Clan leader hopes to reclaim ancient territory

By Cara Sulieman

A CLAN chief is plotting to take back land that he claims once used to belong to his family.

Ranald MacDonald, chief of the MacDonald’s of Keppoch branch, is hoping to use an ancient law to regain ownership of the entire area of Lochaber.

And he claims that the law stands in his favour – with the government failing to abolish an Anglo-Saxon system of ownership.

The chief wants to use Ur Duthchas – Gaelic for clan territory – to achieve his aims and has now submitted a petition to the Scottish Parliament in the hope that they will agree with him.

Mr MacDonald became the chief of the clan after a legal battle that he took all the way to the Court of Session in 2004 where the judges decided that he was the rightful successor.

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Viking ships to sail the Scottish seas

By Andrea McCallum

VIKING ships could return to Scotland’s waters for the revival of an ancient racing event.

Fleets of the historic crafts are expected to be used in sea-rowing contests thanks to a project launched in a Scottish coastal town.

Young Scots are being given the chance to buy and build their own galley and take part in gig ocean racing.

A world-leader in the design of self-build boats – Iain Oughtred – has jumped on board the scheme which is co-ordinated by the Anstruther-based Scottish Fisheries Museum.

Mr Oughtred has created a cheap-version of the ocean-racing boats used by sea-rowing clubs in England.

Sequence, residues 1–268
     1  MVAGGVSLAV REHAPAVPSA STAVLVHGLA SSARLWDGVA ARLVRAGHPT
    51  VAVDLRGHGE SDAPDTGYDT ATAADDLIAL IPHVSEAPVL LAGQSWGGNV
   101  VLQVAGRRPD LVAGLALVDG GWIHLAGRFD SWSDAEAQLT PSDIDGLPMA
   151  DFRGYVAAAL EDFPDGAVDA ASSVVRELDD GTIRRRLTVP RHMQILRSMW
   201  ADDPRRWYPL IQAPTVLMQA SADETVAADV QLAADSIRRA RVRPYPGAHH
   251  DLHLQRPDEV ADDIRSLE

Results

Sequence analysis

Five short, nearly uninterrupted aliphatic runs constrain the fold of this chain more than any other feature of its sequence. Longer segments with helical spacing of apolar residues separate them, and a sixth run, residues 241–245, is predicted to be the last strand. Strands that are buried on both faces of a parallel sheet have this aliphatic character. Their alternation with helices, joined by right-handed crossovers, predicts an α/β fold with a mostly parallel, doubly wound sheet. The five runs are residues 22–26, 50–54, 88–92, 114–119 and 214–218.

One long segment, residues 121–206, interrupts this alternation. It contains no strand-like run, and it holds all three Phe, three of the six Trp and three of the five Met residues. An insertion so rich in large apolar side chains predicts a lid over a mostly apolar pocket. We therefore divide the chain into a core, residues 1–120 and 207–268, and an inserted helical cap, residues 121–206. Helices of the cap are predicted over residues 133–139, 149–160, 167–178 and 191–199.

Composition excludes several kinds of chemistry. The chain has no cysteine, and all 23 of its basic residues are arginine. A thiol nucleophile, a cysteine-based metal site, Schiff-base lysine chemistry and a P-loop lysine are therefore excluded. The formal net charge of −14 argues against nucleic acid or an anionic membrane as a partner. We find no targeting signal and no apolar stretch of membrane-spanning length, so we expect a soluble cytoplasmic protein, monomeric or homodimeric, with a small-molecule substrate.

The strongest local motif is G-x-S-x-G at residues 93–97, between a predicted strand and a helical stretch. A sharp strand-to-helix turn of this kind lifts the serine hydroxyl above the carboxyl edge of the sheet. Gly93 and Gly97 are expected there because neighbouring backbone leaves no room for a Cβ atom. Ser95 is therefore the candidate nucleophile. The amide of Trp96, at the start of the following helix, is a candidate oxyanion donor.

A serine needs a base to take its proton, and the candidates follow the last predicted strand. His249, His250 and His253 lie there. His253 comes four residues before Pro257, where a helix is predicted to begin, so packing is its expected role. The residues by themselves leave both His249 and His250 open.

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Tokens of diplomatic thanks up for auction



By Cara Sulieman

THEY were symbols of thanks for preventing two countries from going to war over a drunken misunderstanding.

And now the silver punch bowl, cup and salver given to the American admiral who saved the day are going under the hammer in Edinburgh.

Russia and Britain almost went to war in 1904 over the Dogger Bank incident, where a nervous Russian fleet opened fire on British fishing vessels in the North Sea.

But the Americans stepped in and negotiated a truce between the two nations, who were so grateful that they sent gifts.

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Ditch the Viking and take to the skies to save lives, says ex-tank commander

StuartCrawford05 (Large)By Michael MacLeod

A FORMER tank commander is calling on the MoD to scrap all road travel in Afghanistan by British troops saying they should travel only by air – even if it means commandeering civilian helicopters to make up a shortfall in military choppers.

Military expert Stuart Crawford, a retired lieutenant-colonel in the 4th Royal Tank Regiment who served in the 1991 Gulf war, spoke out after the deaths of two soldiers in vulnerable Viking vehicles.

Lt Col Rupert Thorneloe and Trooper Joshua Hammond were killed at the weekend when their Viking struck a Taliban roadside bomb, bringing the vehicle’s death toll to 20.

The Viking vehicles are due to be replaced next year by more than 100 larger and more heavily armoured tracked vehicles, known as Warthogs.
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